“Gansey, that’s all there is.”
– Maggie Stiefvater, The Raven Boys
- Release Date : 9/18/2012
- Genre : Urban Fantasy
- Publisher : Scholastic
- Length : 11 hours 18 minutes
Synopsis: It is freezing in the churchyard, even before the dead arrive.Every year, Blue Sargent stands next to her clairvoyant mother as the soon-to-be dead walk past. Blue herself never sees them-not until this year, when a boy emerges from the dark and speaks directly to her. His name is Gansey, and Blue soon discovers that he is a rich student at Aglionby, the local private school. Blue has a policy of staying away from Aglionby boys. Known as Raven Boys, they can only mean trouble.But Blue is drawn to Gansey, in a way she can’t entirely explain. He has it all-family money, good looks, devoted friends-but he’s looking for much more than that. He is on a quest that has encompassed three other Raven Boys
Going in to The Raven Boys I heard a lot of good things from other bloggers and based on Kat’s review I had pretty high expectations, all of which were met. The Raven Boys reads like a modern-day fairytale. In the small town of Henrietta, Virginia three boys who attend the elite Aglionby Academy and a psychic’s daughter embark upon a clandestine quest into the mystical, occult and magic; lead by the enigmatic Richard Gansey III.
In short, this story has an amazing sense of setting and eccentric characters you find yourself rooting for.
This isn’t just a story about boy meets girl, so this was way differentfrom what I’d read of Stiefvater’s Mercy Falls series.
I grabbed the audiobook from my local library’s Overdrive. Will Patton’s low slightly accented performance lent itself well to the characters and third-person narration. I live in Virginia and went to college with a few people from the real “southern” parts of Virginia and I think Patton’s accents are spot on.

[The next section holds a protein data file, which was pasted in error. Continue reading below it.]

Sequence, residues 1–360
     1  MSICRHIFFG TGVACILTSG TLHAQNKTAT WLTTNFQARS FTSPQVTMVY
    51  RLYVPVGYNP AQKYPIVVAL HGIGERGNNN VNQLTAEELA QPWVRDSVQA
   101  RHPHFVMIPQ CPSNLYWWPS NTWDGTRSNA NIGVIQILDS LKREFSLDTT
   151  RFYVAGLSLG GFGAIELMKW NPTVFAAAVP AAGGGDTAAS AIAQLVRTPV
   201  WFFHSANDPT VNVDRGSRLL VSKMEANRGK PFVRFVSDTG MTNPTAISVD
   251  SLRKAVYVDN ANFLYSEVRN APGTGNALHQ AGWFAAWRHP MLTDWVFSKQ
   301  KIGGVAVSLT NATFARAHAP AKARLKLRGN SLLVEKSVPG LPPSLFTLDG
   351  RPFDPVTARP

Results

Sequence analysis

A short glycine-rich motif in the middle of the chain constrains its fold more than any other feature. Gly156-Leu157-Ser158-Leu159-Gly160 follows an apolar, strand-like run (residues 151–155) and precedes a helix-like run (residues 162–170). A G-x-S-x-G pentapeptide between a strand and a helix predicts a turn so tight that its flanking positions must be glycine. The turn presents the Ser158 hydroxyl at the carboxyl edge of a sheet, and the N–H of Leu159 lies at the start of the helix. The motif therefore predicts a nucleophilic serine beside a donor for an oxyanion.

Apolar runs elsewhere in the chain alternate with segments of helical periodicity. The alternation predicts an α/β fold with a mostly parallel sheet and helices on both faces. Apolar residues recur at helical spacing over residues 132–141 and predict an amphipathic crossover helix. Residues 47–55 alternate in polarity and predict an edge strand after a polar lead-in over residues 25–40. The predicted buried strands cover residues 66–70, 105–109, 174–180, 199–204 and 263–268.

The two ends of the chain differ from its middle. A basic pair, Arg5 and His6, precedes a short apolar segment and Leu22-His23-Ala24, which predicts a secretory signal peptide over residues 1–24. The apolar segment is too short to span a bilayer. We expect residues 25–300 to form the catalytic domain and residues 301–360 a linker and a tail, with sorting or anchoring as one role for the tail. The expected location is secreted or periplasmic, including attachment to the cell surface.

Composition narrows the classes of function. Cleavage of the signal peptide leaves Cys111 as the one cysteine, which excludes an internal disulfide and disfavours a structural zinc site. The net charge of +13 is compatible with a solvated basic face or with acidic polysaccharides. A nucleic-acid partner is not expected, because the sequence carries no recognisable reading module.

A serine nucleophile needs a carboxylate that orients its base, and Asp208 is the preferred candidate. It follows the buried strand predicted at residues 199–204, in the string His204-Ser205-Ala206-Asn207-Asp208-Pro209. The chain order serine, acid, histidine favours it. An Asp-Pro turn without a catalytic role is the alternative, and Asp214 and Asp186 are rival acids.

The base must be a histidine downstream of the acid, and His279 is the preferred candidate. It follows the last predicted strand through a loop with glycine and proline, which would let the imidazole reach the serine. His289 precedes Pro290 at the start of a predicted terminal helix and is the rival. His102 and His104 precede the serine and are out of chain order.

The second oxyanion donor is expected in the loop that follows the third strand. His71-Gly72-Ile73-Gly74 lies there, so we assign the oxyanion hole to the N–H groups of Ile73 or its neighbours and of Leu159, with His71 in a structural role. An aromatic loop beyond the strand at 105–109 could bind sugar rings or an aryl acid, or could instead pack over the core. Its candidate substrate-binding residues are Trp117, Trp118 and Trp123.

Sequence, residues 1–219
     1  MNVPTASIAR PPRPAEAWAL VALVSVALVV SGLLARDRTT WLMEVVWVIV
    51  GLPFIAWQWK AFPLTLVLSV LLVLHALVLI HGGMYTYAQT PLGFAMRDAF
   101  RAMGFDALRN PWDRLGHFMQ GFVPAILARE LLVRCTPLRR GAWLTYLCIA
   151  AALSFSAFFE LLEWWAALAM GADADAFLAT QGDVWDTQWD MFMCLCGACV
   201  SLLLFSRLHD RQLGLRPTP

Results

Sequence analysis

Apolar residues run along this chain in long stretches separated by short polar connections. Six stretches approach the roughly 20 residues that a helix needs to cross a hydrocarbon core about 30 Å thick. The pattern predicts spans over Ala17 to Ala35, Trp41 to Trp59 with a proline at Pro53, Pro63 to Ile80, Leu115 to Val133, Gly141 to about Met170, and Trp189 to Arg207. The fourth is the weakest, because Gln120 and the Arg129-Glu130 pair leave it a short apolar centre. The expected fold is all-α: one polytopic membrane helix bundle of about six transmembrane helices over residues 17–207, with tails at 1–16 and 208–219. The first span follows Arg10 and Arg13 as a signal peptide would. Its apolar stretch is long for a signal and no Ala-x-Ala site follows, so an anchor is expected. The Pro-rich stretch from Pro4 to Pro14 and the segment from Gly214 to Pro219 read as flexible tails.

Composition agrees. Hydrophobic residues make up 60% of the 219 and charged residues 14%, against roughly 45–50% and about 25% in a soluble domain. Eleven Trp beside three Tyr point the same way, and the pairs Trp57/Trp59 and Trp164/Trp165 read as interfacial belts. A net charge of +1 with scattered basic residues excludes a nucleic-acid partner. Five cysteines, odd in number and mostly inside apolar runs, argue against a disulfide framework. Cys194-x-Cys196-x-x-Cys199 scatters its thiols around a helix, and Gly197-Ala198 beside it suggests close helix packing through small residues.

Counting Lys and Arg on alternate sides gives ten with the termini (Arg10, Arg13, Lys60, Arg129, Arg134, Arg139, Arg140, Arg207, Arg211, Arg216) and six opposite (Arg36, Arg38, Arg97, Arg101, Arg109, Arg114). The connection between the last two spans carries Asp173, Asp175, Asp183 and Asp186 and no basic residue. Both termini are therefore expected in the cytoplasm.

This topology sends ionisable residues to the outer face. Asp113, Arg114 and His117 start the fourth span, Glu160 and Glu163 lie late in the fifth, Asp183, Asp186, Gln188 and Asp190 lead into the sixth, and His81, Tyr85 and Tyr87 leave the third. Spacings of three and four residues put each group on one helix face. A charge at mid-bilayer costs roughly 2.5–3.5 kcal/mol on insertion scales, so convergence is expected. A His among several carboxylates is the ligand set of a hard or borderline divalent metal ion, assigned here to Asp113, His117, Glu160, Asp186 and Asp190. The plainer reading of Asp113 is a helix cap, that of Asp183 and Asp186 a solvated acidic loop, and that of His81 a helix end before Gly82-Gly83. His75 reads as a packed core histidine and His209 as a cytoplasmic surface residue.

I also noticed in this audiobook that when 2 or 3 characters would say the same things at once, the recording would talk over itself. It was a nice touch and gave a jarring effect.
For some reason, the character of Gansey was such an enigma to me. I had a hard time trying to figure out if he
was supposed to be a likable character or not. He is always described as this larger-than life put together guy. He is cool and confident, so confident that at one part of the book he doesn’t have to worry about looking back to see if his friends will follow him because he knows they will.
I suppose what got me is I didn’t get any indication that he would do the same for them. I think on some level Gansey is aware of this and as one character always notes “he doesn’t mean to be”.
I liked Gansey for the complex character he was and what I’ll be looking out for in the sequel Dream Thieves
is if there is any indication that he reciprocates the respect he is given.
The Raven Boys is a great audiobook and just an all-around unique story that will amaze, frighten and make you believe.
Maggie Stiefvater performed and wrote the music that plays at the beginning and ending of the audiobook. You can listen to “Henrietta” here
1/2 of the blogging duo at Books and Sensibility, I have been blogging about and reviewing books since 2011. I read any and every genre, here on the blog I mostly review Fantasy, Adult Fiction, and Young Adult with a focus on audiobooks.